Unfortunately, there is no cure for eczema. Young children who have this condition may grow out of it, but adults with eczema will likely need to manage this condition throughout their lives.

Some of the common treatments used to manage eczema flare-ups include:

  • Over-the-counter anti-itch products, including corticosteroids, barrier creams, and hydrocortisone creams work well to manage itching and irritation.
  • Phototherapy is performed by a dermatologist, and it uses low-level UVB rays to help soothe skin and promote healing during eczema flare-ups. It also triggers vitamin D production, which improves immune function.
  • Oral or injected medications may also be prescribed by your dermatologist if other treatment steps aren’t effective at managing symptoms during an eczema flare-up.

Between flare-ups, it’s essential to create a prevention plan to limit the number and severity of eczema flare-ups. Dr. Fong recommends the following prevention steps:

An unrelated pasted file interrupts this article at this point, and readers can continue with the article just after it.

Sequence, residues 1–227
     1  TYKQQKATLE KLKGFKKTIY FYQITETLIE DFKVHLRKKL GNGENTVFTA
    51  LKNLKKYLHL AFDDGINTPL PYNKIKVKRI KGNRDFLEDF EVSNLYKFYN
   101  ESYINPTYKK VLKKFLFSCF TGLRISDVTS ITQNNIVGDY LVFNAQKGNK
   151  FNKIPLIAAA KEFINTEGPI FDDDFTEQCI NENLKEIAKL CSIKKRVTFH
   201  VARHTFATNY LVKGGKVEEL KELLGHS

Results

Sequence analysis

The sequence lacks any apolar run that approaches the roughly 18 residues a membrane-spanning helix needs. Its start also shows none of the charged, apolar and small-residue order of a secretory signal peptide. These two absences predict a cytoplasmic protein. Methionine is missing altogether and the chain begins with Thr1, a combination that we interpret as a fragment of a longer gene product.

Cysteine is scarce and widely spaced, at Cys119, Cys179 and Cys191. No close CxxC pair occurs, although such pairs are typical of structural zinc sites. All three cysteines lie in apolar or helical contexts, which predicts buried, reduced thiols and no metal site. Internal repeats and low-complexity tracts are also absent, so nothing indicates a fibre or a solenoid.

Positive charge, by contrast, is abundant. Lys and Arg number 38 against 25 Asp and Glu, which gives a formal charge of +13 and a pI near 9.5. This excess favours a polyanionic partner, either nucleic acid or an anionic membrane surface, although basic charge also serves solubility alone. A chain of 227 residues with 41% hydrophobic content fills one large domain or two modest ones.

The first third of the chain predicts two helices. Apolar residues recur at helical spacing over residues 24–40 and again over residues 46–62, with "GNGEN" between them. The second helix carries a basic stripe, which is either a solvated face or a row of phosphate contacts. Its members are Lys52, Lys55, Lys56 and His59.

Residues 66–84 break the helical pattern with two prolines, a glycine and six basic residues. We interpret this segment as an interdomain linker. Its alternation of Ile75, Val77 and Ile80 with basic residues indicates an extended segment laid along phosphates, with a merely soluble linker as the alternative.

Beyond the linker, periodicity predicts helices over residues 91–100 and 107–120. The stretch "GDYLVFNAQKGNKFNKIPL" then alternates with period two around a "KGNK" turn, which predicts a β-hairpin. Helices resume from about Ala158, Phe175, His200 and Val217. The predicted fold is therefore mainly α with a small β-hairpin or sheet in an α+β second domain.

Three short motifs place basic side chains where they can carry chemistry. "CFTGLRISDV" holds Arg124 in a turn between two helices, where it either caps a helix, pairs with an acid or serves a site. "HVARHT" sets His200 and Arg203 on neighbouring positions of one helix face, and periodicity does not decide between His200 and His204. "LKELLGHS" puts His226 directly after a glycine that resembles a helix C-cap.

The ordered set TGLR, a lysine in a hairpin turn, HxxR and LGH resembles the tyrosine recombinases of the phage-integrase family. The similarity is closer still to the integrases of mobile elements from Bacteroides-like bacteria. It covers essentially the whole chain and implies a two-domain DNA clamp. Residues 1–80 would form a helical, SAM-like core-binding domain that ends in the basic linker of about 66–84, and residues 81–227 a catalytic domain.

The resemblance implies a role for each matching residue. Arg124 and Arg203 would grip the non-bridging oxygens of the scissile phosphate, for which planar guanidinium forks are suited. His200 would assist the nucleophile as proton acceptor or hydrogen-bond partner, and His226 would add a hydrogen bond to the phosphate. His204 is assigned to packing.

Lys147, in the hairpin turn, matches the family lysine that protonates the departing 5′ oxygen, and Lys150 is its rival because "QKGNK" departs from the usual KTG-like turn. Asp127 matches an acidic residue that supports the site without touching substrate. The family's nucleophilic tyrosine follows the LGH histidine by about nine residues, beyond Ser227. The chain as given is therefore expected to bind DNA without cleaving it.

• Keep skin moisturized, using a cream-based moisturizer at least twice a day.
  • Don’t over-wash or use very hot water in the bath or shower. Cleansers and hot water will strip moisture from the skin. Use a gentle skin cleanser and bathe or shower in lukewarm or cool water. Apply your moisturizer immediately after your bath or shower to trap in all the moisture.
  • Take a look at all of your cosmetics, skincare, cleaning, and laundry products. Go over them with your dermatologist and try to select products that have few ingredients and are gentle on the skin.

Find Out More at U.S. Dermatology Partners

The final recommendation for your plan to prevent an eczema flare-up may actually be the first thing you should do – work with your dermatologist to develop a daily skincare routine that will be most beneficial for your skin condition. If you have eczema and would like to learn more about how to manage and treat your condition, U.S. Dermatology Partners is here to help. To get started working with one of our knowledgeable dermatologists, simply fill out our online request form anytime. We’ll be in touch soon to finalize the details of your visit.